Roundup Dangers

No one likes weeding, and, for many years, people have been trying to find chemicals to speed the work without damaging themselves or the environment. One of the most popular weedkillers at present is Roundup, a product produced by Monsanto with glyphosate as the active ingredient. Promoted as being of low toxicity to humans and safe for the environment, the claims have been disputed by others.

Dangers to Humans

Studies have shown Roundup to be of very low toxicity when taken by mouth or by skin absorption. If a large quantity were to be ingested, by drinking it straight from the container for instance, symptoms would include breathing difficulty, low blood pressure, irritation of mouth and throat, nausea and vomiting, diarrhea, headache, dizziness and weakness.

Dangers to the Environment

Glyphosate itself is slightly toxic to birds and aquatic invertebrates but almost non-toxic to fish, though the formulation as Roundup may be more toxic to fish because of other ingredients. It seems to be nontoxic to honey bees. The concern with most herbicides is persistence in the environment, with the potential to continue killing plants and causing damage to animals. Persistence in the soil is measured by "half life," the time in which half of it is broken down by soil microbes and other processes. The half life for glyphosate is between one and 174 days. In pond water, the half life is 12 days to 10 weeks. In plants, glyphosate can be carried throughout the tissues, including roots. Some plants break it down quickly, in others it persists. Very little of the chemical is carried by runoff from rain or watering because it adheres to soil particles strongly. If it gets into a lake or pond, it also adheres to the organic matter and soil particles suspended in the water.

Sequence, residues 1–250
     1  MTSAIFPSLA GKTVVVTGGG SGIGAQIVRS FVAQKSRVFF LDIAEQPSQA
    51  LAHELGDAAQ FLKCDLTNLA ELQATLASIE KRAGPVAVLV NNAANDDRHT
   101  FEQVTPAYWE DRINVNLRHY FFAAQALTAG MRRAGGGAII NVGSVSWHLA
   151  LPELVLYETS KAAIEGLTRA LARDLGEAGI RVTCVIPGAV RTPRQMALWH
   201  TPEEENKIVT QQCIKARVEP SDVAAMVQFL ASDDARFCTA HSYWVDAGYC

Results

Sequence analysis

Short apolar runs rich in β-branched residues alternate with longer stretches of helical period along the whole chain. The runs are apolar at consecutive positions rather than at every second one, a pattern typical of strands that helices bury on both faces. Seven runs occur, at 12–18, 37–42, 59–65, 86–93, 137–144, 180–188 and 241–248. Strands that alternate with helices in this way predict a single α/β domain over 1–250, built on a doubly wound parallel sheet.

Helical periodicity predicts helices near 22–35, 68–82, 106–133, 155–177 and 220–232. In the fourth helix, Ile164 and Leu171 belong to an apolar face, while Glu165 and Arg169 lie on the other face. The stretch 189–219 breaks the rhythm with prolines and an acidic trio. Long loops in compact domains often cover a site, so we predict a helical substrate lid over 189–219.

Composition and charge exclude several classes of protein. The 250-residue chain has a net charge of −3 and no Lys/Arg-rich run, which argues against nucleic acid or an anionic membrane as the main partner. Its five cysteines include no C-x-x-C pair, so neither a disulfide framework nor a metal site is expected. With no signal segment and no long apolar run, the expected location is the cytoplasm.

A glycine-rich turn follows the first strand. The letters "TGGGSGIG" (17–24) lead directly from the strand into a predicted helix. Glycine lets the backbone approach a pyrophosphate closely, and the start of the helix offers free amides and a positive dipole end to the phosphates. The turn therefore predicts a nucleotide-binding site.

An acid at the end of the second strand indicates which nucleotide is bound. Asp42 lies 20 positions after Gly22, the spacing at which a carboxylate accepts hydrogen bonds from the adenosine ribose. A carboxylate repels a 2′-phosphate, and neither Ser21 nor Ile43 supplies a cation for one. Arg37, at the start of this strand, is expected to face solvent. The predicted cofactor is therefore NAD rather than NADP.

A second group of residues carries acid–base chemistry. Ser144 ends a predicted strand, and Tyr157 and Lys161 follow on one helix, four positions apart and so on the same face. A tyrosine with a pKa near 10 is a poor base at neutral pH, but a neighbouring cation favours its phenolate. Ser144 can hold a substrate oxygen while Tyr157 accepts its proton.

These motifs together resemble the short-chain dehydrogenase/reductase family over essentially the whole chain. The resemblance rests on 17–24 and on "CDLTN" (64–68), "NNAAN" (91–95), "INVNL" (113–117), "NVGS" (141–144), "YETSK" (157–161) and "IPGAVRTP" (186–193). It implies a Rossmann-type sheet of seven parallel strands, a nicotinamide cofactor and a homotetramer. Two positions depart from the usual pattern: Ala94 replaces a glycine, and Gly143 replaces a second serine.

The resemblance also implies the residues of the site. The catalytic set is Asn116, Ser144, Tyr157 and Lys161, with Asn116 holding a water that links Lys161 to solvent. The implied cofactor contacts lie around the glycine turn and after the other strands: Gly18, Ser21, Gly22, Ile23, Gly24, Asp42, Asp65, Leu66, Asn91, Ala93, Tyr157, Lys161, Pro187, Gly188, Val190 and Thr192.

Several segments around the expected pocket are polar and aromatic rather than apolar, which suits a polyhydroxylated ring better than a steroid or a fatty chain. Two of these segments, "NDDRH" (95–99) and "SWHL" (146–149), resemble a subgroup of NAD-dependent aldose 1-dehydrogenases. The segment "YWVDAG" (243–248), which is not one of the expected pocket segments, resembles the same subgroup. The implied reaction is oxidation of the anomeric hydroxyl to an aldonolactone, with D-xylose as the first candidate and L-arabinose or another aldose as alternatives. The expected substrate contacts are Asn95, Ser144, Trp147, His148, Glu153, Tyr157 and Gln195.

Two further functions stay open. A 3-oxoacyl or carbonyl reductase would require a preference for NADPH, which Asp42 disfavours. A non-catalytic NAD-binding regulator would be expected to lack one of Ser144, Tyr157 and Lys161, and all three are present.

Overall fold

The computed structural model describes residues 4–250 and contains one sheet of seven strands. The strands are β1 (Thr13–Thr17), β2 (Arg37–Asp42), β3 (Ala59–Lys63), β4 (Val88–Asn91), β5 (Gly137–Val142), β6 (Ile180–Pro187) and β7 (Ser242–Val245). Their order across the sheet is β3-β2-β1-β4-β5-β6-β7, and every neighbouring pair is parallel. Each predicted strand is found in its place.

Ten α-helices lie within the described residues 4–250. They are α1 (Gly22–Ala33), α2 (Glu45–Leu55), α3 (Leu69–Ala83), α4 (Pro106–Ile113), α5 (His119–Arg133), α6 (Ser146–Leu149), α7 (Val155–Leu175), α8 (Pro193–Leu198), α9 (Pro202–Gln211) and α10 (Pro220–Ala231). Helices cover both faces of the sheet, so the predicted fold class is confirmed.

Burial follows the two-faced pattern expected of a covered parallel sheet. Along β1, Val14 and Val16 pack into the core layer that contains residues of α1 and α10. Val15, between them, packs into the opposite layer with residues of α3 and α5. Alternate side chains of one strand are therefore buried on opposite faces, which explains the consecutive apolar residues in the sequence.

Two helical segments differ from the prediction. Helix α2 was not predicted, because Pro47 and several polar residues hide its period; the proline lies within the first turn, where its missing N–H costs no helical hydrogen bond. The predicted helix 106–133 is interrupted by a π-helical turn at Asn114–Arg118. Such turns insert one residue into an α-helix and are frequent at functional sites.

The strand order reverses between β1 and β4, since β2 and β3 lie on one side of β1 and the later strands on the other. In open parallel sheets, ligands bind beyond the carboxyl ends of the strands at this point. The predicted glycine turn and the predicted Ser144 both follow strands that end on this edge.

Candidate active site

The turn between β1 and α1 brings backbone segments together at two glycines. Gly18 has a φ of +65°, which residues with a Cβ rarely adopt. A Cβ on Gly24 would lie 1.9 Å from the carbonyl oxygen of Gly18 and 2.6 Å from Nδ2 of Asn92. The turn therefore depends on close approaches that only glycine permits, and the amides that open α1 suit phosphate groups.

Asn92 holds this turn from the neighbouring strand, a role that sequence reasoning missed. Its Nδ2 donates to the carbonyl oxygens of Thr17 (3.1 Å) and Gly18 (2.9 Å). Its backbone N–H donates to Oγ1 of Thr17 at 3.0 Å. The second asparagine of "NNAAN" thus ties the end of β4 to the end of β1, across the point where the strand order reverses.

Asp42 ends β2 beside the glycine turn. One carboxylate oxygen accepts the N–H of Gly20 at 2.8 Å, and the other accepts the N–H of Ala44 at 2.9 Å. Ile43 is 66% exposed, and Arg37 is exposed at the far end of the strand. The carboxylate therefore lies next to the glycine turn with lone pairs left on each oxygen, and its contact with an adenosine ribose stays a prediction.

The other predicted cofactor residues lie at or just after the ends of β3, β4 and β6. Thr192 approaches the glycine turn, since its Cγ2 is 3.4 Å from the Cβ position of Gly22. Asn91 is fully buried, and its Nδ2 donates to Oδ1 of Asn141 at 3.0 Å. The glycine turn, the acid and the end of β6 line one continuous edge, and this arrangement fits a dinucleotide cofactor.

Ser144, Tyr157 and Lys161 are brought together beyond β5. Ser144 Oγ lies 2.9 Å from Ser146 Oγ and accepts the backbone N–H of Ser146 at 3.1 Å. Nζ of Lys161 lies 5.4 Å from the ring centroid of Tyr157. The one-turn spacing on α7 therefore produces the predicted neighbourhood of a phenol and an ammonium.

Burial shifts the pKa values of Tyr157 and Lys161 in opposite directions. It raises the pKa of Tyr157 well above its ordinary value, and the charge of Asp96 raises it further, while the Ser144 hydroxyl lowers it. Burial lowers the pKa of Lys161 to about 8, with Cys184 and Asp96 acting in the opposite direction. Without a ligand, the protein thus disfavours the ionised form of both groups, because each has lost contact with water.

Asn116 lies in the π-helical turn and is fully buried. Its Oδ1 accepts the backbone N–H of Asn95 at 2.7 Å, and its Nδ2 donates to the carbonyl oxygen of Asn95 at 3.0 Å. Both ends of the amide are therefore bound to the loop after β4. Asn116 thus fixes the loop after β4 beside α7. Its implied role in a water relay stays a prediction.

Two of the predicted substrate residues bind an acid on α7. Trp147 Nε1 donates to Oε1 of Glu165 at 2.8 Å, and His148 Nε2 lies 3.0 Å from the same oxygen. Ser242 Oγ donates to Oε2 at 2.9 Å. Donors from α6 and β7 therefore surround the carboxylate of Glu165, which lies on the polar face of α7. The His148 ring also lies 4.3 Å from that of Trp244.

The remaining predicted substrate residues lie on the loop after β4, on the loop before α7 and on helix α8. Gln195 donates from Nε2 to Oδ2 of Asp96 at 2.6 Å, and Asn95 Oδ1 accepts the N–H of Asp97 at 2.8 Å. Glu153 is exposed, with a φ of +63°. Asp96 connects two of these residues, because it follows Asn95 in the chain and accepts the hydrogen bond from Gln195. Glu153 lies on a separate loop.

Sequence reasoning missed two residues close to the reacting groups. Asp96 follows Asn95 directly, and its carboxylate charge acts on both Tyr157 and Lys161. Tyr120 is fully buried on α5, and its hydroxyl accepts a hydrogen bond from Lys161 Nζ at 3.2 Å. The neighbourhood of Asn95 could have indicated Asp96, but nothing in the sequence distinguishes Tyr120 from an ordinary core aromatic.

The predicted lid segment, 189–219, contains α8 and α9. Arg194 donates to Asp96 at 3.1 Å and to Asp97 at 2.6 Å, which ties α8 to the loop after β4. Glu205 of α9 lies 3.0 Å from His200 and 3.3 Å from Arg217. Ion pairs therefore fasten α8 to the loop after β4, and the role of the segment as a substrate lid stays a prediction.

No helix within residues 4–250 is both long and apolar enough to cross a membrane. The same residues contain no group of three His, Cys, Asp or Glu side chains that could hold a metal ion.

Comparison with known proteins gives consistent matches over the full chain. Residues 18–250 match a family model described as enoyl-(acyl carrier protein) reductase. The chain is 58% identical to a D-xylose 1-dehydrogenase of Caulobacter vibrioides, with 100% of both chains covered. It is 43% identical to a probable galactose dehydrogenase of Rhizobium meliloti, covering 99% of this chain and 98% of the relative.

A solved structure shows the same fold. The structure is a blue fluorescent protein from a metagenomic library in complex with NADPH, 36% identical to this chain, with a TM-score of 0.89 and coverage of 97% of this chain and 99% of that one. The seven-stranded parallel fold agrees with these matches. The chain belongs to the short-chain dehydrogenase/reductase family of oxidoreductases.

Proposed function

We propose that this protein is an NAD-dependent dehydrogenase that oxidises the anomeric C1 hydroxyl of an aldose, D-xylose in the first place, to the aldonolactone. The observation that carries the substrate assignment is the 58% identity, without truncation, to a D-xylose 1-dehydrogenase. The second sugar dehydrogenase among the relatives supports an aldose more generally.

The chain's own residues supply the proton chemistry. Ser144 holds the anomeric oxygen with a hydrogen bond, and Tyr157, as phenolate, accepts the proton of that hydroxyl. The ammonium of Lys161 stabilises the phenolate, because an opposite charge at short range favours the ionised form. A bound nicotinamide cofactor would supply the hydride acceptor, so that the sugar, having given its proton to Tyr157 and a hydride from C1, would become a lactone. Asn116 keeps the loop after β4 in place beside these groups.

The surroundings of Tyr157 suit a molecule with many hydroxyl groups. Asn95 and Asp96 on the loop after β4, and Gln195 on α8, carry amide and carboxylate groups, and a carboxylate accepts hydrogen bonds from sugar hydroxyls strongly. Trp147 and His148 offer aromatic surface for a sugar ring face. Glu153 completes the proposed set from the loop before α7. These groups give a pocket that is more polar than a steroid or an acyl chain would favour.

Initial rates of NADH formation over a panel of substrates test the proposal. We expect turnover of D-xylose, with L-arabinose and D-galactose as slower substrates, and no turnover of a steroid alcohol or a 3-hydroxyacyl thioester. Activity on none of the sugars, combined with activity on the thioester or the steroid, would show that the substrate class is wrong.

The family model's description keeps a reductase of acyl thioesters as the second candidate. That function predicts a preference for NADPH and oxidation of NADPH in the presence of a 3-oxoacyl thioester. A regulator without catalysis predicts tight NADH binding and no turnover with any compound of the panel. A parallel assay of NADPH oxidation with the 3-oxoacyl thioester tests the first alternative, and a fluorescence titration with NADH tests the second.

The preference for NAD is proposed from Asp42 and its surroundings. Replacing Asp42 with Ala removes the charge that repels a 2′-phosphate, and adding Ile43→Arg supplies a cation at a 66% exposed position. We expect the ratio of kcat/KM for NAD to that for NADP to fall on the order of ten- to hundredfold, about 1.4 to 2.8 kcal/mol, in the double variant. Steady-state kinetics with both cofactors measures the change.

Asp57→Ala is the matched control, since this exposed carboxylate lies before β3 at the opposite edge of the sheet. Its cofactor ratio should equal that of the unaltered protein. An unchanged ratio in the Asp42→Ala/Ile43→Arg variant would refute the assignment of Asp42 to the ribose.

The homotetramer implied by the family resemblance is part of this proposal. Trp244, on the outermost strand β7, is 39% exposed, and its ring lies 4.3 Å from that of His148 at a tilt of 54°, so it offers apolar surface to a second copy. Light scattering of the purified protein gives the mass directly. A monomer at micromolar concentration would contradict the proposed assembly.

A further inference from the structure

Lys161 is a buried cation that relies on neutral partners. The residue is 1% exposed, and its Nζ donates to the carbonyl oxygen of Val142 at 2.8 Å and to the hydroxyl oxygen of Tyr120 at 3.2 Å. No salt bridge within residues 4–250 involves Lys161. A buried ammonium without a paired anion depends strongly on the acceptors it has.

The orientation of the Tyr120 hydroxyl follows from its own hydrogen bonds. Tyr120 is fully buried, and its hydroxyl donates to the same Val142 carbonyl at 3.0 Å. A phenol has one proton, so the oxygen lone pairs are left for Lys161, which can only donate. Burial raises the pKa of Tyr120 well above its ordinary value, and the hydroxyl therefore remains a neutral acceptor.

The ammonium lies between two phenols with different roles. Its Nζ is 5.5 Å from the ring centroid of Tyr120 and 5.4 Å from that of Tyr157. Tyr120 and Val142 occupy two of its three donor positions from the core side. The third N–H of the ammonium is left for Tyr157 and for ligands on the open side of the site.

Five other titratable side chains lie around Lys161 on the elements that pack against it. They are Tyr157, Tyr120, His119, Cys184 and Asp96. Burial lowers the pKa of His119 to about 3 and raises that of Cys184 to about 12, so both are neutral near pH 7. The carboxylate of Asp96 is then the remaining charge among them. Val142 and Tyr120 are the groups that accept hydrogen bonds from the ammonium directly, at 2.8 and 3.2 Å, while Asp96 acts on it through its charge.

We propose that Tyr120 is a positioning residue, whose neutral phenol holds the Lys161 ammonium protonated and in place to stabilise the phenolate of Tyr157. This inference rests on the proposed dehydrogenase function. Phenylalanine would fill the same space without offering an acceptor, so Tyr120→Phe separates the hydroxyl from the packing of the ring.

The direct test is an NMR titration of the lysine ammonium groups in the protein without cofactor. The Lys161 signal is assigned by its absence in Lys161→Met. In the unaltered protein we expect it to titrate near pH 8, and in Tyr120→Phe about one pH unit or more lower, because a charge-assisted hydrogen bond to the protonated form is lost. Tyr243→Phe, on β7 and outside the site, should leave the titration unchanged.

As with most chemicals, Roundup has been the focus of a number of disagreements about research methods and conclusions drawn. Since the studies used to prove its safety for EPA approval were paid for by Monsanto, some claim that they were biased in certain ways. Roundup is listed as "dangerous to the environment" by the European Union. In a recent study at the University of Caen in France, researchers found that an inert ingredient in the formulation, polyethoxylated tallowamine, or POEA, was more damaging to human embryonic cells than glyphosate itself. There is also disagreement over the long-term effects of Roundup in the environment, something difficult to research since it has been in use for no more than forty years. Unexpected effects may be found in the future. As with most chemicals, it is probably best to use it only when absolutely necessary and only in minimum amounts.

Keywords: roundup dangers, glyphosate toxicity, safety of glyphosate

About this Author

Over the past 30 years, Mara Grey has sold plants in nurseries, designed gardens and volunteered as a Master Gardener. She is the author of "The Lazy Gardener" and "The Complete Idiot's Guide to Flower Gardening" and has a Bachelor of Science in botany.